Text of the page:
Views on commodities and energy
Pro Farmer promises nothing to scouts on its annual Midwest Crop Tour but hard work, long days and the chance to get really dirty. For most, it does not sound like the best way to spend a week in mid-August.
But the tour attracts a group of regulars who come back every year to gauge the potential of corn and soybeans around the region as well as reconnect with people they met on previous tours.
“I am still interested in what the crops are doing and we learn a lot,” said Rodney Frick, an Illinois farmer on his fourth crop tour. “But it is also about the friendships we form.”
Frick joined his first tour in 2005 after getting back into farming full time following 12 years working construction. He has come back every year since, although this year he will have to cut out a little bit early to attend his daughter’s wedding.
It was a case of keys being accidentally locked in the car, a cut to the finger by a corn leaf and a chat about hail damage at a scouting stop on the Pro Farmer crop tour on Tuesday in Carlton, Nebraska.
And thus, the monotony of scouting a seemingly-endless number of corn and soybean fields in the Midwest grain belt was broken, momentarily, by these incidents.
At the stop in Carlton, a U.S. Agriculture Department official, in the car behind ours, accidentlly locked his keys in his rented Hyundai.
Then, this reporter deeply sliced his finger on the leaf of a corn stalk.
While the government man borrowed a phone from another scout to call the rental company and I dressed my wound with a wet napkin and a bandage, the farmer whose bean field we were scouting pulled up in his pickup.
Then, Rich Mosier, a broker with brokerage and research company Allendale, Inc., passing through from his home in Davenport, Iowa, stopped for a chat.
All of the sudden, it was a veritable meeting of the minds on the side of Highway 4.
With a locksmith on his way, talk returned to farming.
Scout Elwood Line, our driver and a farmer from northeast Illinois, asked if Carlton farmer John Lange was a ‘John Deere’ man, referring to the farm machinery maker Deere & Co.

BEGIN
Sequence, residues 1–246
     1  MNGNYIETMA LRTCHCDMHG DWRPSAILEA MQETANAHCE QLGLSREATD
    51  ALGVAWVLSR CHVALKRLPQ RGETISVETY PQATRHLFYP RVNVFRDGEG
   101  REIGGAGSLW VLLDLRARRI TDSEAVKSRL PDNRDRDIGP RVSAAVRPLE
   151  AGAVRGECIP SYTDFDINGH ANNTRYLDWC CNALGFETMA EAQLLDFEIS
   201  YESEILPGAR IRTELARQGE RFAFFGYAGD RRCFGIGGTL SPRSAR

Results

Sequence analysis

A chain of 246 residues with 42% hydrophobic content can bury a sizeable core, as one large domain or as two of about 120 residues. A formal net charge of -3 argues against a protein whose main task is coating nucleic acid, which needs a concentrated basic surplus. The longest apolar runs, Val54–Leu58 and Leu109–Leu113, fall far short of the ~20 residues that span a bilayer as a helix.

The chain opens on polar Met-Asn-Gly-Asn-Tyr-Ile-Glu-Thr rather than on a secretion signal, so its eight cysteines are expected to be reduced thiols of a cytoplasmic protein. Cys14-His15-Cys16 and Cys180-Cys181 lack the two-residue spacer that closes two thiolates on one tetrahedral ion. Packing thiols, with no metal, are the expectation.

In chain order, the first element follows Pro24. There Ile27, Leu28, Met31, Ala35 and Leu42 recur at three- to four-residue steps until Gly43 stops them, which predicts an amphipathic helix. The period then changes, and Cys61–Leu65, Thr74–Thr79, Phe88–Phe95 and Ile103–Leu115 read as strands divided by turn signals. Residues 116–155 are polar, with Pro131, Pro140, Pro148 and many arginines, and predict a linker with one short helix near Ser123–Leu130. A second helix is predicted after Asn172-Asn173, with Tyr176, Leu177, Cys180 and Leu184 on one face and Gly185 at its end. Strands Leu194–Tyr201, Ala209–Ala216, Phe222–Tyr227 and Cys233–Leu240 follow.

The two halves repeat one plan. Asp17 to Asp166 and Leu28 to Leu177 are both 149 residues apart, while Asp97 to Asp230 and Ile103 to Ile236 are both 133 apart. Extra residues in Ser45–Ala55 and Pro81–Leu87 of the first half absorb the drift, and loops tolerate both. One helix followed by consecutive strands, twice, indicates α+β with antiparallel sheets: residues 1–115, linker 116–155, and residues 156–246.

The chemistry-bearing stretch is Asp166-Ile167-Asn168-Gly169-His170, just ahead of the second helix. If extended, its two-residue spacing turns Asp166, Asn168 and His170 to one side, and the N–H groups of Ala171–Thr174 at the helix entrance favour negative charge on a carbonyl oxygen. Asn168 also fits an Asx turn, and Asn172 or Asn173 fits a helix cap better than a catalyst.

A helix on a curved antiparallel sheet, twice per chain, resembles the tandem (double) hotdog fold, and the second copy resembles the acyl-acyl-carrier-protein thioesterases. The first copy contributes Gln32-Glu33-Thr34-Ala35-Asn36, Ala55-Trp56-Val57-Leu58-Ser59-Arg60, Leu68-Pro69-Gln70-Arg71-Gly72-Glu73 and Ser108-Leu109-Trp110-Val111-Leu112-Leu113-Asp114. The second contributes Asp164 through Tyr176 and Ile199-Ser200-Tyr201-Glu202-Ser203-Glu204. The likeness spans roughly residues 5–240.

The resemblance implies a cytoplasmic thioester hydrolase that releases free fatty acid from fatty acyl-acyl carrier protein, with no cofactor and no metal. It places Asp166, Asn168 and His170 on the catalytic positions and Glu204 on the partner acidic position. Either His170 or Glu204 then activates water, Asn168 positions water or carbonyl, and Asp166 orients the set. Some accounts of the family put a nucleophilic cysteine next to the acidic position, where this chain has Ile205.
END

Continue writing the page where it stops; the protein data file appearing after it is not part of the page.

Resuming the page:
“Both — John Deere and International,” Lange said. “International combine and a John Deere head.”
Mosier said the crops in this area, especially the dryland fields, were first hammered by hail and are now thirsty for rain.
“The dryland has suffered the last three weeks. We haven’t had any big rains,” Mosier said.
After about 45 minutes, the locksmith showed up to jimmy the door of the Sonata.
Asked how he was doing, the locksmith replied, “Better than you, I guess.”
Corn yield in the field we scouted was projected at 193 bushels per acre, while the soybean count was 1,034 pods in a 3-by-3 foot area.
“There are about as many yield formulas as there are ways of doing anything,” said Roger Bernard, the leader of the eastern leg of the Pro Farmer Midwest crop tour.
If you’re planning on coming on next year’s Pro Farmer Midwest Crop Tour, better start stocking up on supplies now. It takes a lot of equipment to measure a few ears of corn and count soybean pods. Scouts on the annual tour must be ready for nearly anything when they head into fields to gather data for estimates of this year’s corn and soybean harvest.
Let’s start at the bottom – boots. Solid footwear is essential for tromping through rows of corn, many of which are expected to be muddy due to surplus rainfall around the Corn Belt. More storms are in the forecast for this week, good for crops but bad for crop scouts. A raincoat and pair of waterproof pants can make the difference between merely a bad day and a miserable one if it storms during the tour.